Basic principles

ABCGood health information can empower individuals to make choices, help them navigate a complex health system, to understand their health and that of their family, and to be confident and skilled health services users. Evidence increasingly shows that the right information, given to the right person at the right time, can have a significant impact on their well-being and there is some evidence that it can have an impact on health outcomes too.[1]

However, anyone who writes or produces health information or who runs information services will tell you that producing high quality, meaningful information that genuinely meets the needs of users isn’t easy. Getting information into the hands of individuals at the right time and in the right place can also be a challenge, as is ensuring information is routinely provided and supported by health professionals. And how do we know what anyone does with the information they are given – does it change their behaviour, or affect their choices?

Producing and providing high quality health information is a skill, one which takes practice, experience and reflective thoughtful evaluation to get right. But, there are some basic principles which underlie the production and provision of all high quality information, and if you can get these foundations right, you are making a good start.

thumbnail logoPIF has produced a series of best practice principles and a toolkit to support the creation of health information that works.

These cover four key areas:

  • Involve users in creating health information
  • Produce accurate and reliable health information
  • Communicate information clearly
  • Ensure information has impact and relevance

Key Points

  1. Understand your audience
    The most successful information is specifically targeted. Whatever you are producing or whatever service you are providing, it’s vital that you know who your audience is and what they need and want. You can never assume that what you think someone needs to know is really what they want or need to know. Take the time to get to know your service users, understand what their priorities are, what concerns them, where and how they access information and what messages they may respond to.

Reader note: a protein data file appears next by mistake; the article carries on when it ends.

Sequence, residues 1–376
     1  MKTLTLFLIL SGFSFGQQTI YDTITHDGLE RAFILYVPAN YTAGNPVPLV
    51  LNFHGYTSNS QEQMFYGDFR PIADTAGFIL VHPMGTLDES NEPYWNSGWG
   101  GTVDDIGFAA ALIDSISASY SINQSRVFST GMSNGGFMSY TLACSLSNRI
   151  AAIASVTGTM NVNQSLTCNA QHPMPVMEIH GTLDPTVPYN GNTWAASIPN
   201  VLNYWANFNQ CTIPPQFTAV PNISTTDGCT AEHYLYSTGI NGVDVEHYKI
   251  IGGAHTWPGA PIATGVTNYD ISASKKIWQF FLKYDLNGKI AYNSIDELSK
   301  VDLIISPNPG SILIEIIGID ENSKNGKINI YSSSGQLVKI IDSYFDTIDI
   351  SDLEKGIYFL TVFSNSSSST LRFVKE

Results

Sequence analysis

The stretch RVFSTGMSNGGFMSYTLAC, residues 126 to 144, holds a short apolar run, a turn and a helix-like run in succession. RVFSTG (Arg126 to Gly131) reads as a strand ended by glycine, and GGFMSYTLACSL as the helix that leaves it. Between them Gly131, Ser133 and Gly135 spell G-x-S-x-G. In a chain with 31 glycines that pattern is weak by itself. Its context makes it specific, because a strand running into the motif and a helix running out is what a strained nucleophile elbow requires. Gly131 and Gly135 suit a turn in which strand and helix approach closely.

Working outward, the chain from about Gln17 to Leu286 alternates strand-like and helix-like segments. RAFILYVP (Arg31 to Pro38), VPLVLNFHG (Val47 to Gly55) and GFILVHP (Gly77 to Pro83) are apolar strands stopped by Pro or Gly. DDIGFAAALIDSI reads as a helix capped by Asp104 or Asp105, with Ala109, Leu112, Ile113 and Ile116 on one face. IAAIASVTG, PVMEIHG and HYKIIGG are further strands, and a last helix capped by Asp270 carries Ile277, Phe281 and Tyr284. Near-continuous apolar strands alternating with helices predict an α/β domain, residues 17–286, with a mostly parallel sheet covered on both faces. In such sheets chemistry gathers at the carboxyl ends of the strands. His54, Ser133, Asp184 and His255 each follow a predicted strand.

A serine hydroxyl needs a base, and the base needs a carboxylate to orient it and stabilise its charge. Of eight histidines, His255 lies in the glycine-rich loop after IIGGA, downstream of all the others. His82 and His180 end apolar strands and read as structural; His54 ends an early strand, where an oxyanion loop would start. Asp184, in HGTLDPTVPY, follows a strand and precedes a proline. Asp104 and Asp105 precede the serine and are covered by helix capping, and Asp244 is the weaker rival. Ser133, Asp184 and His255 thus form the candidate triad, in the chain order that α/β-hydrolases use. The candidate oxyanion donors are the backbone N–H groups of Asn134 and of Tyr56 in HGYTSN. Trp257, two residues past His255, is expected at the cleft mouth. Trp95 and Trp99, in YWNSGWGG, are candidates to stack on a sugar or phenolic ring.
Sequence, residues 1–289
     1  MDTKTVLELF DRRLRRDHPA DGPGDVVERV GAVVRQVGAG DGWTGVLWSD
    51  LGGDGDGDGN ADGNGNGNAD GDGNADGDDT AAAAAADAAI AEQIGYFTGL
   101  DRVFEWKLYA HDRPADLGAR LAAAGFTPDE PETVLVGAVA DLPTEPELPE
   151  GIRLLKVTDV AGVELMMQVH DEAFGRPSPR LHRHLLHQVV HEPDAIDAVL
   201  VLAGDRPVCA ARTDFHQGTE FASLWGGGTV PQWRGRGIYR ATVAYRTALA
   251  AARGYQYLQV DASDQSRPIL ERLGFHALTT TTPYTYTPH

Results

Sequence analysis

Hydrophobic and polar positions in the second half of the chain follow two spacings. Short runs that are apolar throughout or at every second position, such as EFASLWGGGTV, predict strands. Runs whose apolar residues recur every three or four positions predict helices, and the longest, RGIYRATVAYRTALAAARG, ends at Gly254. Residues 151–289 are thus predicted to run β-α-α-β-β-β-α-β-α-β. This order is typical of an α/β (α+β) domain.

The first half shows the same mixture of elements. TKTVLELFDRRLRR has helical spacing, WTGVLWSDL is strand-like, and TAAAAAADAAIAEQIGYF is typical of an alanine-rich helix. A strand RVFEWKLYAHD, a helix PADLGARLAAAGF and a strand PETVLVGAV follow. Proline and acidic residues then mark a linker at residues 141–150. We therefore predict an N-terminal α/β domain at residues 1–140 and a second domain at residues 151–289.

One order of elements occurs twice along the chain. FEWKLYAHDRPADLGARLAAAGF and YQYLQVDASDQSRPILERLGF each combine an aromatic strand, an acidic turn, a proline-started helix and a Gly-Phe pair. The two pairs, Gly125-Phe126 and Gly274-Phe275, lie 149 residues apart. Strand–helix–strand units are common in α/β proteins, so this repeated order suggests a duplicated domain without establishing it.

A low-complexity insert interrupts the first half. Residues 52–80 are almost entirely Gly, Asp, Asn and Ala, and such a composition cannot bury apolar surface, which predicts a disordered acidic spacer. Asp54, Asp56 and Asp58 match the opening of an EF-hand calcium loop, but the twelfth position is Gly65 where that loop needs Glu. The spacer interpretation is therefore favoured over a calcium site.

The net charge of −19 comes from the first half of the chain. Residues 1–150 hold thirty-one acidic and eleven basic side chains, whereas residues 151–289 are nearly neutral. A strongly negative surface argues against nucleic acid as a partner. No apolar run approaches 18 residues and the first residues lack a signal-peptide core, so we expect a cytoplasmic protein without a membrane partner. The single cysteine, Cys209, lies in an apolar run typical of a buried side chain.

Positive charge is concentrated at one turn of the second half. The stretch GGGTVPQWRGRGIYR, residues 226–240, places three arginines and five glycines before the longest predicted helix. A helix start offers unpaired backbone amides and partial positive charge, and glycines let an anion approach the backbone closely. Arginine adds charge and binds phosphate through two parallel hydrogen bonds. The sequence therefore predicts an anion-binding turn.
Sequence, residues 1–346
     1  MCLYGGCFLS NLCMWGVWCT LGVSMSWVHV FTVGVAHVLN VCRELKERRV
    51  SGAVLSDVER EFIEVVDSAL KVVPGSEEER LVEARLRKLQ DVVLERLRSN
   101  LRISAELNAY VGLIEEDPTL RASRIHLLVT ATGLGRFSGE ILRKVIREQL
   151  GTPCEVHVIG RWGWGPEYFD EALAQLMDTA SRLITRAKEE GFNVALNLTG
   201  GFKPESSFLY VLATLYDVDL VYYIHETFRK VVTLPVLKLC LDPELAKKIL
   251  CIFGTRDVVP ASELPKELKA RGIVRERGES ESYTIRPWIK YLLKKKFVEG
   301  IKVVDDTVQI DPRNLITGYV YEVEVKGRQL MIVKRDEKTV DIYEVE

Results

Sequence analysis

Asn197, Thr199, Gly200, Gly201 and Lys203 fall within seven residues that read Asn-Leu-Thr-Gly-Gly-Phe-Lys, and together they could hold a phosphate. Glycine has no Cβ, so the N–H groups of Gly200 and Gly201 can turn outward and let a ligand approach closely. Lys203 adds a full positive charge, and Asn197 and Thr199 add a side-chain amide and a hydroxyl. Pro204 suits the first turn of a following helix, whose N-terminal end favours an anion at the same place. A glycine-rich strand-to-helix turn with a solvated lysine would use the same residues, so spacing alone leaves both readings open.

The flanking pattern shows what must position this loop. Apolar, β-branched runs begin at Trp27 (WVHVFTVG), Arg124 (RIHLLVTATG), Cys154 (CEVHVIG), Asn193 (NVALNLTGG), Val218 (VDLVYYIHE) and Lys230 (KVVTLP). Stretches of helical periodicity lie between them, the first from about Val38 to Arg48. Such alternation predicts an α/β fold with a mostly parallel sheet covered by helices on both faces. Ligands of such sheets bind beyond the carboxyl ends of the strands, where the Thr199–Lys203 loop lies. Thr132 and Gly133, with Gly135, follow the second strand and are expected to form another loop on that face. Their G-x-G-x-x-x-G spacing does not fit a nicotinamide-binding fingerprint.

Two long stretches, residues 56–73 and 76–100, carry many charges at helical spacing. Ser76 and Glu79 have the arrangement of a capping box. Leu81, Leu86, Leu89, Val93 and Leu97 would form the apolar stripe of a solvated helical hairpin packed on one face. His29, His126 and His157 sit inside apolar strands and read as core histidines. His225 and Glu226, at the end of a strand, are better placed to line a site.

2. Know your objectives
    What do you want your information resource or service to do? Are you simply spreading information, or do you want someone to act? Is the resource a vehicle to aid decision making, or are you trying to change behaviour? Do you want something to be different after someone has read or used your information? Be very clear about what you want to achieve and think about how you tailor your information to meet your objectives. Remember to plan your evaluation so that you will know if you have succeeded.
  3. Support your information
    Information on its own isn’t particularly effective. It needs to be supported in some way. People need to be able to absorb information, ask questions, reflect on what they have learned and check their understanding. In some cases they will need support and encouragement to act. So, consider who will support your information and how – will you ask health professionals or support staff to use and advocate your information, will you set up your own support services such as a helpline, online community or support group?
  4. Involve your users
    Do this at every stage. From planning through to evaluation, by regularly involving your users in creative and accessible ways you can ensure that you meet their needs and respond quickly to changes in thinking or attitudes. Make sure you involve all your users, not just patients – don’t forget to include carers, families, health professionals or other key stakeholders or users.
  5. Get the evidence right